A motion to dismiss for failure to state a claim upon which relief may be granted provides a party the opportunity to question the sufficiency of a complaint and the allegations therein contained. See Fed.R.Civ.P. 12(b)(6). Detailed factual allegations are not required in the complaint in order for it to survive a motion to dismiss for failure to state a claim upon which relief may be granted. Bell Atl. Corp. v. Twombly, 550 U.S. 544, 570 (2007) . The minimum of allegations, are those that would “raise a right to relief above the speculative level, on the assumption that all the allegations in the complaint are true even if doubtful in fact.” Id. “The plausibility standard is not akin to a `probability requirement,’ but it asks for more than a sheer possibility that a defendant has acted unlawfully.” Ashcroft v. Iqbal, 129 S.Ct. 1937, 1949-1950 (2009) (quoting Twombly, 550 U.S. at 556 ). “A well-pleaded complaint may proceed even if it strikes a savvy judge that actual proof of those facts is improbable, and that a recovery is very remote and unlikely.” Twombly, 550 U.S. at 556 . The court’s determination regarding a motion to dismiss under Fed.R.Civ.P. 12(b)(6), does not express its opinion regarding the merits of the case, but simply determines whether the plaintiff may seek relief based on the allegations in his complaint. If the complaint is sufficient, it will not be dismissed at this early stage of the proceedings because it correctly states a cause of action.
While the Bankruptcy Code does not expressly contain a tolling provision, courts have recognized that 11 U.S.C. § 546 is subject to the doctrine of equitable tolling. Wiscovitch-Rentas v. Super Roof & Gen. Contr., 405 B.R. 397, 2009 U.S. Dist. LEXIS 55454 (D.P.R. 2009) . See Ernst & Young v. Matsumoto (In re United Ins. Mgmt., Inc.), 14 F.3d 1380, 1386, (9th Cir. 1994) ; In re M&L Business Mach. Co., Inc., 75 F.3d 586 (10th Cir. 1996) .
The Supreme Court has acknowledged that equitable principles cannot be raised when a claimant fails to act diligently. Consequently, courts have declined to apply the doctrine of equitable tolling in a case where a party has failed to act diligently in preserving its legal rights. Baldwin County Welcome Ctr. v. Brown, 466 U.S. 147, 151 (1984) .
The limitations periods in 11 U.S.C. § 546(a) may be equitably tolled when a trustee, despite the exercise of due diligence, fails to timely bring an avoidance action due to fraud, misrepresentation or extraordinary circumstances beyond the trustee’s control. However, if the court finds that the trustee has not acted diligently, the limitation period will not be equitably tolled. 5 COLLIER ON BANKRUPTCY P. 546.02 (Alan N. Resnick & Henry J. Sommer eds. 16th ed).
After reviewing Plaintiff’s and Trustee’s motions related to the instant proceeding, it appears that under a rigorous application of the statute of limitations found in 11 U.S.C. § 546(a), the Trustee’s counter claim is time-barred. According to the record, the Trustee’s counterclaim was not filed within two years after the entry of the order for relief nor was it filed within one year after the appointment of the Trustee. Furthermore, the appointment of the Trustee did not occur within two years after the entry of the order for relief.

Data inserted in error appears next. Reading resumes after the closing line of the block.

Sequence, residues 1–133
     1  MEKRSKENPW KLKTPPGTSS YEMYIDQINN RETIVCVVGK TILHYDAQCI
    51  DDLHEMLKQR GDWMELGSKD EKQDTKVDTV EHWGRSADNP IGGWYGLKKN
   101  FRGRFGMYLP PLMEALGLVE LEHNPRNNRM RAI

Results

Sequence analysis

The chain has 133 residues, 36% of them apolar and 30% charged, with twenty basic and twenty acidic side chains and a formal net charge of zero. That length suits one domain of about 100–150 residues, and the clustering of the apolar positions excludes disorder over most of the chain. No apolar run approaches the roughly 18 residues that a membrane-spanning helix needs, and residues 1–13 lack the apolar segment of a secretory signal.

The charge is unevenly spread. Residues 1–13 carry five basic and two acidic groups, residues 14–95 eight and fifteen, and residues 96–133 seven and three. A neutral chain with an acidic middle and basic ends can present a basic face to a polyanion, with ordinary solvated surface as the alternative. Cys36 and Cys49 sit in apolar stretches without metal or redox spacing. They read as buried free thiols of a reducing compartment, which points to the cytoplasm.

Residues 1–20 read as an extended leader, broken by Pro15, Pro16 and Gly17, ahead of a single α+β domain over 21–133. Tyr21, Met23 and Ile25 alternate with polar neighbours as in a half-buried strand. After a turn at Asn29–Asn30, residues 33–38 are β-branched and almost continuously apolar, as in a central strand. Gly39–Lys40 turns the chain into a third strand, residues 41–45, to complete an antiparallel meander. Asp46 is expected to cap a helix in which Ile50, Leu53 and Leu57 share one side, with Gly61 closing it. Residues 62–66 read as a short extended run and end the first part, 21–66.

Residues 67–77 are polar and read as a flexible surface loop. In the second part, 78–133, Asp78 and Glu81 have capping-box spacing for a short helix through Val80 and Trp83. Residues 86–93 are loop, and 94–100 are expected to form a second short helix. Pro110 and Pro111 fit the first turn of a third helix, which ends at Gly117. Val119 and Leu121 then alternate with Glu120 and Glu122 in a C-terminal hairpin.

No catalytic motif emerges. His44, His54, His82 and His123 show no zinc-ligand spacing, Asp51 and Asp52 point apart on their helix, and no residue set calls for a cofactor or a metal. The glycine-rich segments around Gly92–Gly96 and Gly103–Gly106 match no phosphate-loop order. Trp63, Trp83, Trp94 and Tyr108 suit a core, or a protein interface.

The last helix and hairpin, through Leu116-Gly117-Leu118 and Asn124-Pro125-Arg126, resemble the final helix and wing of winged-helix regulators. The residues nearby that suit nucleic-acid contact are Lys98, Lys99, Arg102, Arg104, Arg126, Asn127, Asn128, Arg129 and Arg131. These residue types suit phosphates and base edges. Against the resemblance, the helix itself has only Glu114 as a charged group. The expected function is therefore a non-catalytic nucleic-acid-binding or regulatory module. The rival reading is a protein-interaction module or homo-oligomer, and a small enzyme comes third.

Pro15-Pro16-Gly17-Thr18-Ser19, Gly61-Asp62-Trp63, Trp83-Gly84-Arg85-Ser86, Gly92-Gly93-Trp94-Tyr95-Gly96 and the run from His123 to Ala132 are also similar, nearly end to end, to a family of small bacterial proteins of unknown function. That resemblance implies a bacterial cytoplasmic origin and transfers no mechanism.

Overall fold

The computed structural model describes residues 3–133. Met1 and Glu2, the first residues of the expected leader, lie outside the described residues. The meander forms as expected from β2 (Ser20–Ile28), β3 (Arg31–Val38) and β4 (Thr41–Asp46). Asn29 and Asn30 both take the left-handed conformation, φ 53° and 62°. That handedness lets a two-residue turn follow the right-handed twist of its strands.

A thorough inspection of the proofs of claim and the Motion Requesting Lifting of Automatic Stay for Cause [leading legal case Dkt. No. 97] filed by Plaintiff, reveal that no attempt has been made on Plaintiff’s behalf to conceal information from the Trustee that could have obstructed the commencement of an avoidance action at an earlier date. Plaintiff included in both docket entries a copy of the Judgment issued by the state court and the stipulation reached by all the parties which stated that the title of the four mortgage notes at issue in this proceeding were transferred to Plaintiff. Moreover, Plaintiff’s motion for lift of stay explicitly states that the real properties guaranteeing the aforementioned notes were not included by the Debtor in the Schedules or Statement of Financial Affairs.
Section 704(a)(5) of the Bankruptcy Code imposes on the trustee the duty to examine proofs of claim and to object to the allowance of improper claims. The trustee represents all unsecured creditors and must examine claims and object those he considers to be improper. As an officer of the court, a trustee must exercise reasonable diligence examining debtor’s schedules and all other matters filed in the case, including the follow up of all leads that they suggest. 6 COLLIER ON BANKRUPTCY P. 704.08(Alan N. Resnick & Henry J. Sommer eds. 16th ed). In the case at bar, the Trustee has failed to do so. A close examination of Plaintiff’s proof of claim and/or motion requesting lift of stay, would have led Trustee to discover the Judgment and determine, at an early stage in the case, if a potential avoidance action could have existed.
Considering Trustee’s failure to act diligently in the examination of the proofs of claim and Motion Requesting Lifting of Automatic Stay for Cause filed by Plaintiff, this Court concludes that it would be inequitable to allow the Trustee to use the doctrine of equitable tolling against Plaintiff for a prepetition preference action. The court concludes that pursuant to 11 U.S.C. § 546(a), Trustee’s counter claim is time-barred. Accordingly, Plaintiff’s Motion to Dismiss is GRANTED. Clerk to enter Judgment.